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cowsarenotevil

Converting a char to an int

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If I ever get my file loader to work, is there a way to convert a char to an int? Atoi is too slow for me, and unsupported on a lot of compilers... Thanks -~-The Cow of Darkness-~-

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atoi() is a pretty standard function. I'd be interested in knowing what compilers this fails on. Unless, your file is really, really big atoi should do the job. If is really is too slow perhaps it may be better to store your data in a binary format.

---------
Andrew



[edited by - acraig on April 1, 2003 12:24:20 AM]

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do you mean char* -> int or char -> int?

if you don''t like itoa then try out sprintf() not sure how fast it is, but it''s easy to use. if you want to just go char->int you can always just go int i = (int)ch;

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I meant char*, and yes, my file is huge, it''s a 10000 polygon wavefront obj file, and sprintf is only for int to char, according to the msdn.

-~-The Cow of Darkness-~-

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#include <sstream>

int main() {
int number;
std::stringstream ss;
ss << "2562";
ss >> number;
}
It's supported by all C++ standard compilant compilers, but probably even slower than atoi. Are you sure atoi is your bottleneck? Converting, say, 30000 numbers from string to int shouldn't take more than a few milliseconds..

[edited by - civguy on April 2, 2003 2:28:55 AM]

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quote:
Original post by Ecko
do you mean char* -> int or char -> int?

if you don''t like itoa then try out sprintf() not sure how fast it is, but it''s easy to use. if you want to just go char->int you can always just go int i = (int)ch;


For reference, char is automatically casted up to an int so your cast in unnecessary.



Qui fut tout, et qui ne fut rien
Invader''s Realm

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Yeah, I remember reading somewhere that atoi is sometimes not available.
Try strtol - it''s minimally slower (variable base), and better be there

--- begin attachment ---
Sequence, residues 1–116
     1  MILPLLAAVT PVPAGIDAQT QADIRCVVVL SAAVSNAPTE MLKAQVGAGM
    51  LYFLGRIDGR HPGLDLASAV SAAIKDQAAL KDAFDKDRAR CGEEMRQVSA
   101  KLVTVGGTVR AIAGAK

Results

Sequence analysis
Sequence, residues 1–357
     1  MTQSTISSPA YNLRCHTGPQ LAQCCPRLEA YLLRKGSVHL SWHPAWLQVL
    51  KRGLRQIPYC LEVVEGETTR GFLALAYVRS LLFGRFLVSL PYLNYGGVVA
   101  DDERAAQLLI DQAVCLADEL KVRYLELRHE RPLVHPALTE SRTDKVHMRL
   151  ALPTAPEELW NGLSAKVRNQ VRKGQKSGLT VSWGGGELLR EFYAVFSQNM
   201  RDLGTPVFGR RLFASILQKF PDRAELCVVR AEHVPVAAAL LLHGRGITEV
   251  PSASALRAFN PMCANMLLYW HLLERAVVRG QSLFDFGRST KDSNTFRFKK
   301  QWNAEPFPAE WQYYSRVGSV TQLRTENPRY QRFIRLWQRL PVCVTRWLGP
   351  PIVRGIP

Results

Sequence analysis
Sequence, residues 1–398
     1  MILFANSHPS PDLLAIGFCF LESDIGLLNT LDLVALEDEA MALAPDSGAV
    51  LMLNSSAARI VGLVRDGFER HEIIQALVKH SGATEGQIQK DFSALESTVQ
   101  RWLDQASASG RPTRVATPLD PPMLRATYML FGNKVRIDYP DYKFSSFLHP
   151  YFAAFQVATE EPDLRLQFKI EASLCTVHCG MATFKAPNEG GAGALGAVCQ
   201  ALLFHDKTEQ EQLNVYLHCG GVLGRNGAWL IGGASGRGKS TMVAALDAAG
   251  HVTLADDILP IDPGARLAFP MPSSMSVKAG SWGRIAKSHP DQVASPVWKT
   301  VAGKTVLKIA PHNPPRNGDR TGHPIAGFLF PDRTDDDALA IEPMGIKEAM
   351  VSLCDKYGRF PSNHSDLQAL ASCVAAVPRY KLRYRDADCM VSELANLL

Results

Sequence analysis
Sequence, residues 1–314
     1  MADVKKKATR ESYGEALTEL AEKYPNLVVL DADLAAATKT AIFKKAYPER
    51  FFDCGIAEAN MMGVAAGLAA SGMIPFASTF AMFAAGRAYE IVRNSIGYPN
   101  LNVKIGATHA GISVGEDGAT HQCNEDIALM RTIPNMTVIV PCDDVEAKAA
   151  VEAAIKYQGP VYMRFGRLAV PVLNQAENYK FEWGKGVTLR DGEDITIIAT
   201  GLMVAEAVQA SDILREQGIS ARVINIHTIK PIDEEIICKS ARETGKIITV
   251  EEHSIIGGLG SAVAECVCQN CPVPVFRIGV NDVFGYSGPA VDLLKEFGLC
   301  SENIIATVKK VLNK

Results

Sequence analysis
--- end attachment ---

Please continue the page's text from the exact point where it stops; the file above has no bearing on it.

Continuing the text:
sprintf is slow. Also, your reading of MSDN is incorrect.

quote:
Are you sure atoi is your bottleneck? Converting, say, 30000 numbers from string to int shouldn''t take more than a few milliseconds..

Yep. I don''t think there are significant gains to be had over atoi / strtol, either (the algorithm can''t be parallelized effectively).
Are you using the DLL CRT? An inlined version would of course be quite a bit faster.

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char buffer[128];
long num1=1;

sprintf( buffer, "%lu", num1 );

- - -
long buffer=0;
char num[2]=23;

sscanf( num, "%lu", &buffer ); // notice the & before buffer

- - -


This is how you use sprintf(),sscanf().

.lick


[edited by - Pipo DeClown on April 2, 2003 1:30:06 PM]

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I think sscanf looks like it would work, and I''ve had a lot of people tell me that atof wouldn''t be slow, but to convert as many numbers as I need to it''s very slow. I have tested it many times.

-~-The Cow of Darkness-~-

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Try this:

  
double myatof(const char* c) {
double num = 0;
double sgn = 1;
if (*c == ''-'') { sgn = -1.0; ++c; }
if (*c == ''+'') { ++c; }
while (*c != ''.'') {
num *= 10;
num += *c - ''0'';
++c;
}
++c;
double div = 0.1;
while (*c != ''\0'') {
num += (double)(*c - ''0'') * div;
div *= 0.1;
++c;
}
return num * sgn;
}

It isn''t very safe. The number must have a ''.'' in it, and it can''t have any extra characters. But since on my test on VS.NET it was over 20 times faster than atof, I must''ve checked it wrong or then atof is *really* slow.

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